For example, some places will not permit the purchase of a SIM card with a credit card issued in another place. These regulations change frequently, so you’ll have to find out what prevails in your destination.
There is a SIMsmart Europe card that the vendor claims will work in 170 countries and be purchased for as little as $20 USD.
As with the roaming plans, it’s important to estimate the extent of needed international service for the trip. Many travelers want to make short calls back home on a regular basis and choose the lower-end options.
With smartphone access to Wi-Fi a feature called FaceTime allows Internet-based calls at no cost.
Once the internet connection is made, look at the settings on your iPhone and make sure FaceTime is enabled (in the “on” position). Then, simply call someone in your address book who also has FaceTime enabled and you’ll be face-to-face with them on the iPhone. The FaceTime connection has its own distinctive ring that is separate from the ringtone for conventional phone calls you receive.
Anytime the internet provides international access, costs drop significantly. No smartphone? There are other ways to access Internet-based International calling options.
Mobile Phone Apps
Computers share Voice over Internet Protocol, commonly abbreviated as VoIP. You don’t need to be a technical genius to understand that VoIP will enable you to make calls on your mobile phone without using conventional phone lines. You’ll be connecting via the Internet.
There are plenty of mobile apps available for download that will help with this process.
One is called Viber, which allows free texting, calling, phone messages and location-sharing. It will pick out people in your address book who are already using Viber, and you can call them with the touch of a finger. Viber works using Wi-Fi or 4G connections.
The Vonage Mobile VoIP Calling App works in a similar way. You can connect with other users anywhere in the world via the Internet.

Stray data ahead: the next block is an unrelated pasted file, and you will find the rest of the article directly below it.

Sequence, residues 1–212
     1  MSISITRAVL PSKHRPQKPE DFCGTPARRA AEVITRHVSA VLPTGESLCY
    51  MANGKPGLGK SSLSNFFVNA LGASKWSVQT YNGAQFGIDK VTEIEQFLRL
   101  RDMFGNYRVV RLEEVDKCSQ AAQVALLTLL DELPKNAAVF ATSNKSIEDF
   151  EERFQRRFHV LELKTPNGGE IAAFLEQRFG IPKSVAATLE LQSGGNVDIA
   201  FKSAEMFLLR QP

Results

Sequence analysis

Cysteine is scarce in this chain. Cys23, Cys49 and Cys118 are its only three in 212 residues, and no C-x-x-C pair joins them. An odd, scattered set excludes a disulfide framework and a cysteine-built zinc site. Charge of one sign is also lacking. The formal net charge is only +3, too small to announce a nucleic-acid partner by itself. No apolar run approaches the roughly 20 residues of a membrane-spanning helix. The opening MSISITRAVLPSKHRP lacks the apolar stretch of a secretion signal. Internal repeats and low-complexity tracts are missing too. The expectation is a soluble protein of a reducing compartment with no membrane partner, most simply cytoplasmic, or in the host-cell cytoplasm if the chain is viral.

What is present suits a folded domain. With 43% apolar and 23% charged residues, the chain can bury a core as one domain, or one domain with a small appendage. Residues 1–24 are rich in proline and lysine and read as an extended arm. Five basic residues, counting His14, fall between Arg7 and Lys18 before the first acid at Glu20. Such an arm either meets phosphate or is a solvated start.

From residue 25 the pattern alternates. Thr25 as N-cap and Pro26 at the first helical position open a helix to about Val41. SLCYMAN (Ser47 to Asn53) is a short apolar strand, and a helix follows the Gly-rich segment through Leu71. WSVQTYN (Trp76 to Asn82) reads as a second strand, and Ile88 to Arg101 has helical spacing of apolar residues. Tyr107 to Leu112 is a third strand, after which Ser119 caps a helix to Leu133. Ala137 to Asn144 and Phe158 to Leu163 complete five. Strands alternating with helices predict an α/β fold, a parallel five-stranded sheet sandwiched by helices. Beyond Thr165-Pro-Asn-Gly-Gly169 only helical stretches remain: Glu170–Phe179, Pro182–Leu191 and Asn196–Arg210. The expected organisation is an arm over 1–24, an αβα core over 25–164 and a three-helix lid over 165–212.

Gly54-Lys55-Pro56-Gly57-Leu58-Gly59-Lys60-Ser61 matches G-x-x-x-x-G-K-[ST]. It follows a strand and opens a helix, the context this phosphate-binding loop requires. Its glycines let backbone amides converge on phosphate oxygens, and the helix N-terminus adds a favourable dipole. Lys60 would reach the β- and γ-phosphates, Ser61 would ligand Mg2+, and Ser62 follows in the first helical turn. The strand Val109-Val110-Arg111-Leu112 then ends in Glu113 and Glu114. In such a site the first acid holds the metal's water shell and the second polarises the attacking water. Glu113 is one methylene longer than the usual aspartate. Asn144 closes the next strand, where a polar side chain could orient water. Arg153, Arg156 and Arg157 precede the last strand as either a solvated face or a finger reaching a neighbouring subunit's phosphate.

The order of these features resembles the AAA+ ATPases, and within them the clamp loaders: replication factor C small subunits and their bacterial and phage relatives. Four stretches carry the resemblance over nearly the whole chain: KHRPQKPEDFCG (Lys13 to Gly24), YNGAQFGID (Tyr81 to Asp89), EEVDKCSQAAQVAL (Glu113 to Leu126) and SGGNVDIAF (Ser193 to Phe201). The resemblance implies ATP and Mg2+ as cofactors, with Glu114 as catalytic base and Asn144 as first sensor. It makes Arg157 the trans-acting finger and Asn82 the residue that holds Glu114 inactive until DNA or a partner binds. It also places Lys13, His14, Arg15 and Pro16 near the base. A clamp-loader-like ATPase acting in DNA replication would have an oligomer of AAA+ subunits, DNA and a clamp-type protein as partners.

If you connect via 4G with any such app, remember that roaming charges and data downloading charges could apply. This is a good time to turn the page and consider data roaming charges when overseas.
Watch Out for Data Charges
If your smart phone is enabled to receive data, you could be looking at a very unpleasant bill upon your return home.
This was a mistake I made in Mexico that wound up costing about $200 USD. I had falsely assumed that roaming data charges for Mexico were similar to the U.S. Too late, I discovered that is true only of certain phone plans — but not mine.
Always check with your provider to see if international data roaming is available at a discount, just as the call roaming plans are offered.
If you don’t need access to data while on vacation, turn off data roaming on your phone. Your owner’s manual or company help desk should be able to show you how to do so.
Perhaps you don’t own a mobile phone, or you haven’t been too impressed with the options suggested to this point. There are other ways to enjoy international calling on a budget.
Skype and Webcams
Anyone with a child studying abroad can tell you about Skype.
The Internet-based service allows people separated by great distances to chat with audio and video. Most devices come equipped with a built-in camera. If yours does not, a web camera that can be purchased at most computer stores for about $50.
Internet cafes around the world frequently are equipped with web cams for the purpose of using Skype, or some similar platform.
Skype membership is free, and you can speak for free with anyone else with a Skype account. You share video and voice calls, along with instant messaging and file sharing.
For Skype calls to mobiles and landlines worldwide, rates start at $6.99/month for most destinations. Rates and terms will vary by country, so become familiar with the rules for your destination.
Whatever option you choose, be sure to ask questions. Above all, make your prime consideration what works best in your intended itinerary.